A few months ago I went to give a presentation to a funeral home. Oddly when I arrived and we went through the initial greeting and hand shake and I touched on our conversation during the Cold Call two days prior, he claimed he didn’t remember talking to me but had a note on his calendar of an appointment at that time and did not know what the meeting was about. So I started by giving my 30 second commercial on my company by saying: “Mr. Prospect, I own Showcase Custom Caskets located here in Greensboro and we specialize in handcrafted wood cask….” Before I could finish my first sentence, He held up his hand to stop me and said: “Usually when I hear the word “Handcrafted” that tells me they are too expensive and I can’t afford them.” At this he started to get up out of his chair as he assumed the meeting was over. My reply was simply: “Mr. Prospect, many funeral directors in this area have had the same concern over our pricing, however; we have been working with ABC funeral home and Kevin (last name) over there has assured us that our pricing is competitive with mass produced assembly line caskets and has had great success in marketing our products on the benefit of hand craftsmanship and the appeal of selling a locally produced product. In fact as the average wholesale price of our caskets are $1300.00 and some models as low as $900.00 I believe you will find that we are not only very competitive in the wood casket market but are also competitive with the cost of steel caskets.” At this he sat back down and we continued the meeting.

Now take this particular case as an example. By pointing out that others have had the same objection, I show empathy to his concern. I let the prospect know that this is a common objection and he is not alone in thinking this way and I used a success story to neutralize the objection. Obviously if I had come off with a quick knee jerk response like “How do you know it will cost too much if I haven’t given you the price yet?” would polarize the relationship before it had even started.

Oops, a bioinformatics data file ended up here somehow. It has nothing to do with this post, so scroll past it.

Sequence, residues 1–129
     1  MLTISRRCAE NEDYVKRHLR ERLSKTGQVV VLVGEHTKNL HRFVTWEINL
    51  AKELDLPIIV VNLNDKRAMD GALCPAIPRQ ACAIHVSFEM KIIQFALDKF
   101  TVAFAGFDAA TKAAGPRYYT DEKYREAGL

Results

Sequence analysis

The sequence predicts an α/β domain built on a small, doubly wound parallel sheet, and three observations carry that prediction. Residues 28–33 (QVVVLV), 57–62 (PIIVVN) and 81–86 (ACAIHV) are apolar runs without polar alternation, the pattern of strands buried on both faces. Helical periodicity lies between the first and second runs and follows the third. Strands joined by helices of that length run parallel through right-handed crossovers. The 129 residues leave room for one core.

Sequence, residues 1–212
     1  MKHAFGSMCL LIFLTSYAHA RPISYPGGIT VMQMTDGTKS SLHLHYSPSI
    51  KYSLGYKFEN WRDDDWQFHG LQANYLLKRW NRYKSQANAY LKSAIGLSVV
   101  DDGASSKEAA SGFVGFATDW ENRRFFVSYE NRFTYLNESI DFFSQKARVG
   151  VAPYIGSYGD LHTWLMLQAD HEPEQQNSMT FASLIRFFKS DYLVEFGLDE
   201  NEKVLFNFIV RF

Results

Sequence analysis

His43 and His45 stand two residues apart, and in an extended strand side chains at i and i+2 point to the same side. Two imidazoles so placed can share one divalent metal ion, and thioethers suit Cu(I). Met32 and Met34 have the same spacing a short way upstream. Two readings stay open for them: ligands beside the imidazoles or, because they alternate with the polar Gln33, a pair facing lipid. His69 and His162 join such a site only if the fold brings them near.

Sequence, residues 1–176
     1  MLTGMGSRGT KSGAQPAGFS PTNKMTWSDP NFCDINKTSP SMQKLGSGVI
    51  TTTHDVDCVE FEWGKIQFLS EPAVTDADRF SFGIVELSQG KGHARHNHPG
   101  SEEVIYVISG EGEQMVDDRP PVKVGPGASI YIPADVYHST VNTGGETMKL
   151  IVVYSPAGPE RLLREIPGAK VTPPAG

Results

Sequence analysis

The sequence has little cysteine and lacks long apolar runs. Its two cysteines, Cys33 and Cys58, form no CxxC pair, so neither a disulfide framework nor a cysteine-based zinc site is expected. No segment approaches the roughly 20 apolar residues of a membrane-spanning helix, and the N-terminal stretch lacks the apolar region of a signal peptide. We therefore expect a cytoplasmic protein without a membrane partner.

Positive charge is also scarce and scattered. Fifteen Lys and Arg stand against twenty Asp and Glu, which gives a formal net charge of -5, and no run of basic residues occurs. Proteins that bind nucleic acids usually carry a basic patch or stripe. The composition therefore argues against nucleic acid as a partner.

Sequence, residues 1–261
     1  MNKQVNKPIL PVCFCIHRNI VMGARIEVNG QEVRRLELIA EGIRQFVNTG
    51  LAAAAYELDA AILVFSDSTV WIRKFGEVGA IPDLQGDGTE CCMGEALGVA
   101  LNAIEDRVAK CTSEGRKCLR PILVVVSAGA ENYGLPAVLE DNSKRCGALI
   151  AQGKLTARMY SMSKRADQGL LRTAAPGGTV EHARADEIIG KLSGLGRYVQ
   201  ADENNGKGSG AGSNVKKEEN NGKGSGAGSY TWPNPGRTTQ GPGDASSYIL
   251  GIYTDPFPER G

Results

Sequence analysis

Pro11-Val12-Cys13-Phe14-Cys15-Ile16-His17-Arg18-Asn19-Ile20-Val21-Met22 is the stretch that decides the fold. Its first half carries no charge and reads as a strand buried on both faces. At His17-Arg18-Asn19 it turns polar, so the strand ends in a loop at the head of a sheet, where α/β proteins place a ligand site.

A common response you will also hear is “I need to think about it.” This response is extremely common. Get use to hearing it allot. Like I said before though that many times when a person gives an objection, what they state as an objection and the true objection is not the same. The true objection might be a fear of changing the status quo or fear of taking the chance on someone they are not familiar in working with. There might be a fear of how the change will be accepted by a boss or their peers. These types of objections can be surfaced to the true objection but it takes a little patience on your part. Do not pressure the prospect into making a decision they are not comfortable. This is not a way to make a prospect a customer and then develop that relationship into a partnership. When I hear the “I need time to think about it” objection, I accept their wish to have some time. I then establish a next step. Do not tell the customer to think on it and call you in a few days as chances are they get busy and don’t call and you lose the sale. How I handle this is to establish a time line. I usually tell the prospect that I can respect their desire to think things over, and I we will meet again. Then I set another appointment in person for a few days, say 4 maximum. (I avoid setting follow up appointments as phone appointments because by conversing on the phone, you are not able to read body language and as we discussed in yesterdays blog, the majority if conversation is through body language rather than verbal) At this point if the objection is truly they want to think on it before making a sound decision they will agree to meet again. If there is another underlying problem though they will be reluctant to set the next appointment.

Last week I gave a presentation to a new cremation service in town. During the interview stage, I learned that the company had been advertising and prospecting for nearly a year, but had only had possession of their funeral license for three months. I was giving my presentation to the owner. She seemed very enthused about my product from the time I had first made the cold call and all through the sales cycle. I hadn’t even gotten to the closing stage when she stated, I really like the artistry in your designs. Most cremation urns made from wood are just boxes and they all look the same, but these are unique. All through my presentation she never gave any objections. However when it came time for the close, I gave my proposal to what I had to offer and what terms I was willing to extend in invoicing. She already knew the price during the presentation stage and hadn’t given any pricing objections, but at this point said, “I know I want to buy from you but would like to take a few days to think this over before selecting specific urns.” I replied that I could respect that and as this was a Thursday, I suggested she take the weekend and why don’t we meet again on Monday at 10:30 am. She replied that the following Friday would be better as the front of the week is usually busier for her. So we set a new appointment for today at 3pm.